Today I would have to listen to my body. I woke up when I was rested. I ate when I was hungry. I took a break when I needed to relax. I went to sleep when I was tired.
I haven’t been able to spot a clock on a general building, inside a cafe or in a house. In order to set up my tent before the night would arrive, I asked a local about the time. In the evening I found out that my camera also shows the time. But still, it was a nice experience.
My phone would charge again the following day and it was just at the right moment. With my dead phone I wasn’t able to navigate, and it also seemed that a paper map is difficult to find. I put some kWh into my phone and I was now able to search for some nice looking roads in the mountains again.
And beautiful roads I found. I passed a mountain ridge which was blocking the clouds that hang above me for the past few days, so sunny weather was about to come back. From this mountain ridge, still the Middle Atlas, I saw some snowy peaks in the far distance, which must be part of the High Atlas.
With my two index fingers beside my head and yelling “mooooh”, I try to ask if the white liquid I was drinking comes from a cow. My Berber hosts understood my body language, confirmed it by nodding their heads and enjoyed the action for the whole evening.
In the morning I was invited for breakfast and tea. Almost everything on the table was self made. The olive oils was pressed from their own olives. The bread is baked fresh every morning in a clay oven. The butter. So easy and so delicious.
Today was a colorful day. The mountains showed white, yellow and reddish rocks, among green vegetation. The different flowers represented almost all main colors of the spectrum. And the gigantic turquoise reservoir was the finishing touch.
During my daily visit to a cafe to drink a Moroccan tea, I met a 69 year old man from Belgium. He spend the last three nights on a small sandbar in the lake, which is connected to the main land because of the low water level. I was easily convinced to spend the night there also. And it really was a small paradise. I took a short swim, washed my clothes, got dinner from the man and spend the night under a sky completely filled with stars.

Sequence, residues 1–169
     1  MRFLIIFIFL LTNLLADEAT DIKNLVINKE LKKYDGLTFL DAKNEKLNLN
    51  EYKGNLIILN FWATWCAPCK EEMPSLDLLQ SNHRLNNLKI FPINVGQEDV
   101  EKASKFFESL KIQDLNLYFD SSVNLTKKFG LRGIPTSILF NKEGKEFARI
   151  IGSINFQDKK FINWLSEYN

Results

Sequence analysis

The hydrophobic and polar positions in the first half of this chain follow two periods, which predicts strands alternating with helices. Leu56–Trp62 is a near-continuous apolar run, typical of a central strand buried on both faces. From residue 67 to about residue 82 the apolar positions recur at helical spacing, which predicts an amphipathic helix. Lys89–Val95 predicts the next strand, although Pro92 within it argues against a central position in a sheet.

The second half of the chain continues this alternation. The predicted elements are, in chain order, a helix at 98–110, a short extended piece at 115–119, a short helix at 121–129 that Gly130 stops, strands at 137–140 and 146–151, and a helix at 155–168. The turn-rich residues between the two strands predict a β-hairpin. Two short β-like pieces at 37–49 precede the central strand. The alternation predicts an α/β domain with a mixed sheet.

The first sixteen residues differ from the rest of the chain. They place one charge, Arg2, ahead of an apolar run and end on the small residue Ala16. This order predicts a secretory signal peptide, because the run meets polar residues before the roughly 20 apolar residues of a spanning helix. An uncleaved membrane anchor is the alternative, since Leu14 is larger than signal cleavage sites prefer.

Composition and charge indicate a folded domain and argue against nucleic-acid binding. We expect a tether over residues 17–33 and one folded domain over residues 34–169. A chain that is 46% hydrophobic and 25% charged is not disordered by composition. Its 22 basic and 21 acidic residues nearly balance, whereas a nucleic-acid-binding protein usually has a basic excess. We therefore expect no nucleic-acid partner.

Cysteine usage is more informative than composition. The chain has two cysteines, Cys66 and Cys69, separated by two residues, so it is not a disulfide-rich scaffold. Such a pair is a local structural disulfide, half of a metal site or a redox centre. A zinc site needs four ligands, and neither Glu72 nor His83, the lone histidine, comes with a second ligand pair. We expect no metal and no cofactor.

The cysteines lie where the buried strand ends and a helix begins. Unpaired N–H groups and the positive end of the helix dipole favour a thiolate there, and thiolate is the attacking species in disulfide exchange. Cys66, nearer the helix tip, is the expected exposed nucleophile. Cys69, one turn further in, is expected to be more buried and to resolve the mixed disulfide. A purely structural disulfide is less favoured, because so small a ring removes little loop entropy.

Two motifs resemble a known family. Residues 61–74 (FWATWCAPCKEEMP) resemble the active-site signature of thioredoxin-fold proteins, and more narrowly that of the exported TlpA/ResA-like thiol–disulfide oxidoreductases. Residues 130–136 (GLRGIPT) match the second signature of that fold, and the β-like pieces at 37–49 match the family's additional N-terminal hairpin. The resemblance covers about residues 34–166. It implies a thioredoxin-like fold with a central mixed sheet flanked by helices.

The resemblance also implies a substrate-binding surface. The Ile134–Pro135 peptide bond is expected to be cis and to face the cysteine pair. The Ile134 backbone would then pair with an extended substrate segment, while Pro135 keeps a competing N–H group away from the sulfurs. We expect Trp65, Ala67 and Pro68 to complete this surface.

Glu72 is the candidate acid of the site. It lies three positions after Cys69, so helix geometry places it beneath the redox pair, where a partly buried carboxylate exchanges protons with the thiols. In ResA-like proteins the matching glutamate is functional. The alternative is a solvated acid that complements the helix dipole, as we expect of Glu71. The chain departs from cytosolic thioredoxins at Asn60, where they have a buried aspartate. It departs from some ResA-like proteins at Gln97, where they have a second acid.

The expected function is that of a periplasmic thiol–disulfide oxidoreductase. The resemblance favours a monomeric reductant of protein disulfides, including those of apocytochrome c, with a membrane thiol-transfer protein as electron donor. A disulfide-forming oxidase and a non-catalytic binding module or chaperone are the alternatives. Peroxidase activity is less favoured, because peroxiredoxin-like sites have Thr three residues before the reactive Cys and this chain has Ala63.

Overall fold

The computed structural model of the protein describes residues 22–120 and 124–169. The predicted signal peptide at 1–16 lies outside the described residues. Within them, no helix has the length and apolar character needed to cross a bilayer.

Missing the ISS
Three happy dogs have been laying near my tent for the whole night. Their barking woke me and I stepped outside my tent. “Over there you can see the planet Venus”, said Erik, the Belgium guy standing next to me in his campervan. “And you just missed the ISS, which just passed by”, he added. It was nice to have some companion, but our paths seperated after breakfast.
In the morning I face the last major climb of my route through the Middle Atlas range. Having done this climb before the hottest part of the day, it was nice to slowly descend when it actually became hot.
In search for a spot to pitch up my tent, I stumbled upon a shepherd. “How are you doing?” He asked, in almost fluent English. A bit surprised, I told him about my situation, whereupon he invited me to his house. At his house I was treated with a warm shower and I could wear a traditional clothing.
After leaving my host I faced a day of much flat terrain. This was the space between two mountain ranges, the Middle Atlas and the High Atlas. For the biggest part of the day I followed a canal. During the day I noticed the increased mental and physical capacity of my body, caused by cycling for more than two months now. Without too much problems I cycled about 110 km.
Cycling long distances is not my goal. But the road beside the canal was busy during the time I was searching for a place to camp, so I just kept going. When I became lightly desperate I tried something new. I found a bed and breakfast and asked if it was possible to just put my tent on the grass and leave early in the morning. It was not a problem at all, and I even got a shower and got invited for a delicious and large dinner. Credits to Les Perles de Zaraba.